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this was on july-13-08
Wow! It has been a long time since I’ve had a chance to write to everyone. So much has happened and so much is currently going on that I’m almost at a loss where to begin.
One thing I must say. This has proved to be one of the most challenging projects I have ever worked on. The dedication of the people who have contributed to Adellion over the very rocky road it has been on amazes me on a daily basis.
So, where are we now? I’d like to say, “Almost done”, but that would have people jumping up and down a bit too soon.
Besides, that sort of answer rarely satisfies the truly curious. And most of our fans are truly curious. I’m sure I would be receiving questions for weeks on, “Just how soon?”
So I’m going to give you a more general answer and a bit of a hint as to where we have gotten. Then I’m going to try to get back to completing those final steps.
The engine has gone through numerous changes. We started with the original TGE engine, back when it was first released to the public. We followed as it went from the “v12” game engine to, “Torque”, to the “Torque Game Engine”. We worked on adding multiple smooth scrolling terrains, we added features until the system would break if I tried to add any more.
Ignoring the magic, let’s run down why it is still not possible.
Then came TGEA and the promise of huge terrains and shaders. It was a difficult decision and we debated it for weeks. Eventually, we decided to go for it. It was a very hard road, with large portions of our code needing rewriting. But we persevered and gradually we began to see real improvements over our earlier efforts.
Then came the release of Prairie Games, MMOKIT. A new debate started. Should we merge our code with the MMOKIT? It was a proven application and building from it we knew that we had a much better shot at getting the game we wanted (with a higher degree of robustness) than we would coding from scratch. Many of the timing and client issues we still had to test were already solved with the MMOKIT.
It meant some backtracking, especially in the early stages, when it meant learning a new language - python, and beginning the process of understanding how the MMOKIT handled many issues.
That learning curve has paid off for us. It showed us problems we were not going to encounter until much later in our development process and, in many cases, it solved them for us. We now have a much firmer base on which to complete our work.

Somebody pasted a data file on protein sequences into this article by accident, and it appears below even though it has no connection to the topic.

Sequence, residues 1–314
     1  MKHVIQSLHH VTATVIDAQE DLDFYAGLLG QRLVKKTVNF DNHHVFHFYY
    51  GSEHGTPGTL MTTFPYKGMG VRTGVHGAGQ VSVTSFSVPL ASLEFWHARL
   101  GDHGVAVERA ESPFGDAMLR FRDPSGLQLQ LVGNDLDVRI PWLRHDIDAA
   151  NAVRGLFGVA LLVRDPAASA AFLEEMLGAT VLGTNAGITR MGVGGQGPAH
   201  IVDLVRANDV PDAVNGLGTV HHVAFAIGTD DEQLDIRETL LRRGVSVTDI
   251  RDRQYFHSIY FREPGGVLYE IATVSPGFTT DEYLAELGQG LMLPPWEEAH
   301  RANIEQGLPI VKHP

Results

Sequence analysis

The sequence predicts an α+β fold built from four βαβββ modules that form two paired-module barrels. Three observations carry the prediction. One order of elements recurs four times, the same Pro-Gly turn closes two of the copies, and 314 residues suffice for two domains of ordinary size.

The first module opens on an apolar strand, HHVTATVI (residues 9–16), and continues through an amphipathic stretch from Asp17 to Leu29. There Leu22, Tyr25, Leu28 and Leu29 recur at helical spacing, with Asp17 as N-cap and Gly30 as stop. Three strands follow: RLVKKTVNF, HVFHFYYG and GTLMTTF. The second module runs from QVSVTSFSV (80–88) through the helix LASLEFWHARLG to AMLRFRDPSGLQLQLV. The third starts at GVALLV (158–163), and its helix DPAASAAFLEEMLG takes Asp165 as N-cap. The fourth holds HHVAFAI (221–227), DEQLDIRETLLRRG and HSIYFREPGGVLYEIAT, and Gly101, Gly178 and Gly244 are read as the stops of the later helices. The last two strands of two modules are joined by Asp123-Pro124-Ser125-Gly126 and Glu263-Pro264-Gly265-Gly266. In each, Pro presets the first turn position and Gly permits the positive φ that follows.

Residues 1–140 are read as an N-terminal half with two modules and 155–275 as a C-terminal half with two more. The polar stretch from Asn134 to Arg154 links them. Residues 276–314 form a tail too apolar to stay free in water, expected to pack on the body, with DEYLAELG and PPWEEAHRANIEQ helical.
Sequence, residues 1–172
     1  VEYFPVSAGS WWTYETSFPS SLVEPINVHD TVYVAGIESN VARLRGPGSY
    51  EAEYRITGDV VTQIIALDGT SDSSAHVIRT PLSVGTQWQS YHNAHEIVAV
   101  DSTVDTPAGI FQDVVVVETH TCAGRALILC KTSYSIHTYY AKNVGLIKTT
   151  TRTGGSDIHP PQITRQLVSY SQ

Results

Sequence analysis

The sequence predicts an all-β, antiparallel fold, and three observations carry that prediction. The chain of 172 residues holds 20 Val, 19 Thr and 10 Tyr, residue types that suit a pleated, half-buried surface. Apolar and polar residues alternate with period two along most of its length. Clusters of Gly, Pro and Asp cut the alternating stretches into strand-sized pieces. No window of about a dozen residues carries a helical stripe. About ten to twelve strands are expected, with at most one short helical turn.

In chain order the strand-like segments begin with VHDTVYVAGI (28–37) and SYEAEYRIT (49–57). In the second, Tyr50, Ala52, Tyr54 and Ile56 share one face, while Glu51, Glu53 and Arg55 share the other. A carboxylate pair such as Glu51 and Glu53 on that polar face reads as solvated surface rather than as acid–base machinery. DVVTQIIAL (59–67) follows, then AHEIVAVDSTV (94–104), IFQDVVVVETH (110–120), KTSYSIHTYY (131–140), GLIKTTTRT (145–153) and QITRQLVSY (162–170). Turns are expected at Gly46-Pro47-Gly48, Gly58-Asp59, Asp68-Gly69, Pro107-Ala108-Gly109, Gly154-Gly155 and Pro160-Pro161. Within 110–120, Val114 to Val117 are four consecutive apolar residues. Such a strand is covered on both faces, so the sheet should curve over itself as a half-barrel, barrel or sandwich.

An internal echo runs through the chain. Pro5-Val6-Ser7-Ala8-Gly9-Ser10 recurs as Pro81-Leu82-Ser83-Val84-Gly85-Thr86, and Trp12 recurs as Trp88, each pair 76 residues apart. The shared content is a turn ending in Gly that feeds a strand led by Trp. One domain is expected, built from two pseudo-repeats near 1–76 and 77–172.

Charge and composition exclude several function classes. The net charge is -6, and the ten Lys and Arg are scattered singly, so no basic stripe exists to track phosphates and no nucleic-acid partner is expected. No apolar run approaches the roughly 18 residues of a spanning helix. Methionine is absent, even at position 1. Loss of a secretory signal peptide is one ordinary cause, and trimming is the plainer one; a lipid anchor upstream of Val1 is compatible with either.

In recent weeks the latest version of the TGEA engine came out. It is very fast. It is much more robust than previous versions. The layout is much more professionally done, making both enhancing and debugging code easier. The new documentation is a vast improvement for all the development team because it carefully explains many of the arcane areas of the engine and how they interact.
At this point we are moving onto the final version of the code as we begin closing in on a series of long overdue alpha tests before our first public beta begins. There is a lot of work ahead, but for the coders the end is clearly in sight.
There is so much that could be said about the artwork for Adellion, how it has changed and evolved as we tested and learned. Our earlier models were very good, but we lacked a consistency of vision. That turned around as the artists began to understand the cultures that our characters are expected to live in.
As that vision improved the artwork began to change and to grow.
It is hard to show how much our code has improved, but it is easy to show how much our artwork has changed. Here are some examples of older and newer artwork for Adellion.
Here is a shot of a character model in 2004
Here is a shot in 2005
Here are a couple shots from 2006, we are continuing with the same basic character style, but the questions are now getting to specific changes in their clothing and faces
A monk vs. an abbot? Could be
In 2007 things began to really change. TGEA’s support of normal maps brought a whole new level of detail possibilities to the character models. There was a long learning curve, and lots of trials and errors.
Which brings us to today
Our current characters are more detailed, with smoother animations, and quite frankly, they are hot!
Here’s one of our most recent shots of a male Salan character.
And finally here’s an early shot of a Dalmite female… Tattoos to follow…
There’s a lot more to say, and a lot more to show, but I think that a comparison of the technical detail between the first and last pictures shows the degree of commitment we have all developed towards Adellion.
Well, not really a conclusion… Actually it’s just a stopping point for this article. I’ve got a lot more to say, and I will be showing a bit more of where we have gotten to in the near future on our new website.
For those who have been so patient – you will be rewarded.
Now, for me, it’s back to work.
David Dougher - Adellion Technical Director
I just found out about this game today and it looks like its gonna be a good game.It is still alive as you can read and the character models look like they have come a long way.